Investment Manager at the Ministry of Foreign Affairs of Denmark, Michael Prytz, charts the rapid development of the medical cannabis market in Europe and provides a look at the Danish model in this vein
The European medical cannabis market is developing rapidly. The dominos are falling – more and more countries across Europe and the world are adopting medical and cannabis programmes.
Europe has a unique chance to legislate from the top down and provide meaningful and transparent programmes that serve the patient population while providing the pharma industry with pharma-grade input extracts.
This coherent strategy has eluded North America. The U.S. has no federal legislation, though multiple states have medical and recreational programs in place. In Canada, it was a prolonged legal battle and a Supreme Court ruling that finally made cannabis available to patients. In both countries, the adoption of medical cannabis flourished through the grassroots level and legislators have struggled to keep pace.
The world is relying on Europe to get medical cannabis right. As a first step, we need to get cannabis out of the shadow and destigmatised. It needs to become a true pharma product that the pharmaceutical industry can engage with, and healthcare professionals can prescribe with confidence to patients. To achieve this the industry needs to grow up, sustain trust and follow the same rules and regulation as any other company in the pharmaceutical industry.
Danish cannabis model
The Danish model is based on a pharma paradigm that requires serious planning to achieve minimum standards, with clear requirements and a transparent regulatory framework. The Danish programme requires producers to follow procedures to the highest pharma standards both for cultivation and processing. These standards have been established by the World Health Organization (WHO) and The European Medicines Agency. For cultivation, Good Agricultural Collection Practice (GACP) is required, while post-harvest Good Manufacturing Processes (GMP) serves as the minimum standards for production in Denmark. GACP and GMP are production concepts that are in place to secure the highest possible degree of patient safety and minimise any risk associated with the production of pharmaceutical products. In Denmark, these standards are enforced in a strict yet predictable approach that prepares industry participants to meet European and global standards for medical cannabis.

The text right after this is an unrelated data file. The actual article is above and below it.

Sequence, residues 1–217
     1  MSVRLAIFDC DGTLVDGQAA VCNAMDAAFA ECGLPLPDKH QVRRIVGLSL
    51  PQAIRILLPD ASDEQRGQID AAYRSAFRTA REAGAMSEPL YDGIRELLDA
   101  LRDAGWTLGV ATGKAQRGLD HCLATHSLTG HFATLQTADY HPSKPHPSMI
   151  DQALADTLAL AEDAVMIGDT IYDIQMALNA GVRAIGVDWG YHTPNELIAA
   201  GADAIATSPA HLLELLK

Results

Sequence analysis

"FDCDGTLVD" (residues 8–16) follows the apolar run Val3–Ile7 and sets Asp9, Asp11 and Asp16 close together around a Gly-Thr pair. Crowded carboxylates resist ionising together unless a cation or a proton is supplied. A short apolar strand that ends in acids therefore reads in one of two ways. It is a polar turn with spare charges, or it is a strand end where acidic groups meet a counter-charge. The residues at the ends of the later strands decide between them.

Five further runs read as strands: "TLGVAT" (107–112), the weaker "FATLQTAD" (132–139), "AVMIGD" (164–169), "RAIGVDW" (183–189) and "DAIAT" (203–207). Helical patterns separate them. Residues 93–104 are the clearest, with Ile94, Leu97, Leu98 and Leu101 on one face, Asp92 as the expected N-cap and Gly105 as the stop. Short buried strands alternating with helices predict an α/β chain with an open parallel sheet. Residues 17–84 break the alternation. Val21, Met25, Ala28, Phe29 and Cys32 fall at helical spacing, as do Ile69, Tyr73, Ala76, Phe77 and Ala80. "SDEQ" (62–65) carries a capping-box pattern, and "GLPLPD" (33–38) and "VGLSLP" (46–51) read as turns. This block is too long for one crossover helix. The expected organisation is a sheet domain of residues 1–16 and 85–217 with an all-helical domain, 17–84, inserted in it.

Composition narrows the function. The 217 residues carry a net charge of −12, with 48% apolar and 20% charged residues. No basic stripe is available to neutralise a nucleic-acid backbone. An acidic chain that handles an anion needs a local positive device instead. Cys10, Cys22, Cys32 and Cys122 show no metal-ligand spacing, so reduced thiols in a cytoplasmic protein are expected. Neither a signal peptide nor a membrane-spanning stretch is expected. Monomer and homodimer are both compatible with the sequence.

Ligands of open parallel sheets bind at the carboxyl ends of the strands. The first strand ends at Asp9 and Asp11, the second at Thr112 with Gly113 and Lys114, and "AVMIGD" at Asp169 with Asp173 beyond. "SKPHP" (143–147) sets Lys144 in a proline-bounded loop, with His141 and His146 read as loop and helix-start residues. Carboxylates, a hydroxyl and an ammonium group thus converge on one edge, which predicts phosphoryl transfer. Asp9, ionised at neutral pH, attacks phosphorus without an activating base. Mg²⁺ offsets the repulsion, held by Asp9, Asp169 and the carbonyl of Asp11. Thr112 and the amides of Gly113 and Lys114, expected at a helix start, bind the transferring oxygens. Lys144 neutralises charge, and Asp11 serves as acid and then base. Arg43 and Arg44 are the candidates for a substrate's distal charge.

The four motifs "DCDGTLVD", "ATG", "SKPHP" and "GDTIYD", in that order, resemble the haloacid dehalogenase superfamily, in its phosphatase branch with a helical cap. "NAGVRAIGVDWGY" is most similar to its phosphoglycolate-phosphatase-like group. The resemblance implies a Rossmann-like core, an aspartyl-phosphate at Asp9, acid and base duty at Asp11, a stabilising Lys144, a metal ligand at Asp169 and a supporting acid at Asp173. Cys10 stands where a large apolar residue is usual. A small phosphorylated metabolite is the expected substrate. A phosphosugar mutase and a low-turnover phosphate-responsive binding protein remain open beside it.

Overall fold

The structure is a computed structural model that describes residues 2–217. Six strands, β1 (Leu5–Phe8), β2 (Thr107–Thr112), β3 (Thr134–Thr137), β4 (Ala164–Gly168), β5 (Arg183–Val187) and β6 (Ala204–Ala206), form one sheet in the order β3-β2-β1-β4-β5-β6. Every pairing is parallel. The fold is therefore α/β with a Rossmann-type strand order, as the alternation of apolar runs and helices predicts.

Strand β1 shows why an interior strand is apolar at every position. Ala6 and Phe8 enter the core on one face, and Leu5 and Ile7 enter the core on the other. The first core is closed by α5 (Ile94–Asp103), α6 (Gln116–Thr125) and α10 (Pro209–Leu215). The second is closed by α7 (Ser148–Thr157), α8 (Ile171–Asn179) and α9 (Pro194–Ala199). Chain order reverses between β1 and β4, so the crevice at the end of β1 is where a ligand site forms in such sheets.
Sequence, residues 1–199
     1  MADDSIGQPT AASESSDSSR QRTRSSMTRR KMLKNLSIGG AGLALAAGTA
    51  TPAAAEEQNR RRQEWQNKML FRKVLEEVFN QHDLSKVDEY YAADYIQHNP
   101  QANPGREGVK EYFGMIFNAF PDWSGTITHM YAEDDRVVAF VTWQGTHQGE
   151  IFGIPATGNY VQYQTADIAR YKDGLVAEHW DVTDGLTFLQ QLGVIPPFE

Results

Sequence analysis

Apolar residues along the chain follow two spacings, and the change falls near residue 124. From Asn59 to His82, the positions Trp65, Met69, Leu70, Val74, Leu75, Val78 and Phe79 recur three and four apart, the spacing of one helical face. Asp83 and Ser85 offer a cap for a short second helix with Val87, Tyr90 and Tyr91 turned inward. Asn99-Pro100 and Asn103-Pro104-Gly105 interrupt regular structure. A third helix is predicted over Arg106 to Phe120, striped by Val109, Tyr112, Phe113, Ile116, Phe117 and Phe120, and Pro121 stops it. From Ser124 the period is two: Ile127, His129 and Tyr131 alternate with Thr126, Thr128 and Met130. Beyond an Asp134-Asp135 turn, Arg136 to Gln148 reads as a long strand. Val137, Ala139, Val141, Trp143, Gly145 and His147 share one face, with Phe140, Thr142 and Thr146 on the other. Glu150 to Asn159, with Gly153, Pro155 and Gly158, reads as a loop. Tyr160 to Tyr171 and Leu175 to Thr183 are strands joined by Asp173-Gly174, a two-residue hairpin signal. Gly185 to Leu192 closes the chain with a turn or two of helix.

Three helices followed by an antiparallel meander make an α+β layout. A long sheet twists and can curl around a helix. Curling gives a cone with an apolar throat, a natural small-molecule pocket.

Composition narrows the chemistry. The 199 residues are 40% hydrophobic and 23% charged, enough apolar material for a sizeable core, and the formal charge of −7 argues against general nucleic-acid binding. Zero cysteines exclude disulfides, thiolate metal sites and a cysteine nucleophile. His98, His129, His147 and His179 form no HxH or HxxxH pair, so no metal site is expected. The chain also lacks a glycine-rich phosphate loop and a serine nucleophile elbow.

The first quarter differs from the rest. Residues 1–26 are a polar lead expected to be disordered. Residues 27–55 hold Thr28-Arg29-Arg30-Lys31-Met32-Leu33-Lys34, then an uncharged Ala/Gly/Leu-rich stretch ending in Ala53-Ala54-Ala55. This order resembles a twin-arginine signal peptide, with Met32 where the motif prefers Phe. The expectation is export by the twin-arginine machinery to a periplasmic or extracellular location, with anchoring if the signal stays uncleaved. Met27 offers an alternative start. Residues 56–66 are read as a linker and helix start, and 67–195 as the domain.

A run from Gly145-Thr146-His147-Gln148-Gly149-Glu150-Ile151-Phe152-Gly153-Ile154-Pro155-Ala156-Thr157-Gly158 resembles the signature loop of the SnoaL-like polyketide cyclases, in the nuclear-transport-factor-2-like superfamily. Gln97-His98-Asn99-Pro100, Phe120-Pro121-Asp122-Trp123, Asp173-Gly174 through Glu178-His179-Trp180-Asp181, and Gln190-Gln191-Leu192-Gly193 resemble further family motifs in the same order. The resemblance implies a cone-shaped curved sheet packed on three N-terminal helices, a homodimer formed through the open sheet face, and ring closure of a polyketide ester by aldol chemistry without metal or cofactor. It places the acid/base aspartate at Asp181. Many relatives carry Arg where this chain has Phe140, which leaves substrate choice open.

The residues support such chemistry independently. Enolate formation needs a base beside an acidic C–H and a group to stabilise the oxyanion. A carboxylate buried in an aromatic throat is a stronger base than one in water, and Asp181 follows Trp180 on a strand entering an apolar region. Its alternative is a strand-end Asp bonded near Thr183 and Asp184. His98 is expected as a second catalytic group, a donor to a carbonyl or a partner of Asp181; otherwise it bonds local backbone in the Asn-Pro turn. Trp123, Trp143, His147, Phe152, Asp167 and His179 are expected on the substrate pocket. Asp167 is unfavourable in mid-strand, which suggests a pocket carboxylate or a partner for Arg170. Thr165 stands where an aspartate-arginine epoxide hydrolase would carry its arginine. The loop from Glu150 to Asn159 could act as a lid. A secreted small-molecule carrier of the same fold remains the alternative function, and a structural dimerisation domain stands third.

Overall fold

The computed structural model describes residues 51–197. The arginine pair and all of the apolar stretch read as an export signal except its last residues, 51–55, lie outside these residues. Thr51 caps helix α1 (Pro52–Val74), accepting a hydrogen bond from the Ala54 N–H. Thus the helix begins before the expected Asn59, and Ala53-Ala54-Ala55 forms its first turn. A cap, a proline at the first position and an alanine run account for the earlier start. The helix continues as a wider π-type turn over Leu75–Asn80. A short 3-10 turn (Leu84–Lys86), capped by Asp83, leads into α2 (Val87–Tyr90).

Denmark launched its medical cannabis program on Jan 1st, 2018 and is on track to be one of the world’s largest GACP cultivation nations with more than 3 million SQF of cultivation on track to be built out. Additional announcements are made regularly.
Going forward, Denmark will sustain its leading position by way of several structural competitive advantages beyond its unique legislative framework for medical cannabis. This includes low energy prices and secure access, 72% renewable energy, competent workforce and a foundation of experience and expertise in horticulture and pharma. As a launchpad for entering the European market, the availability of a strong business ecosystem offers investors a plug-and-play model for establishing and rapidly scaling up in the pharma oriented European market. This includes experienced project design and validation expertise, deep pools of Quality Assurance professionals and a specialised set of suppliers that can meet the highest standards for planning through to construction, process optimisation, facilities management and beyond.
These structural advantages are based on a competitive pharma value chain that is nevertheless cooperative in terms of collaboration and partnerships. This is reinforced by a stable political system and active support for the medical cannabis sector by local and national political decision-makers.
While the Danish advantage was initially created by embracing the top-down regulatory opportunity that has eluded other jurisdictions in Europe and North America, the next phase of industry development will be created by the same factors that have created a strong pharma presence overall – among others a competitive but collaborative value chain, reliable business inputs, high but predictable quality standards, tradition of industry engagement with science and research and access to a highly competent workforce.
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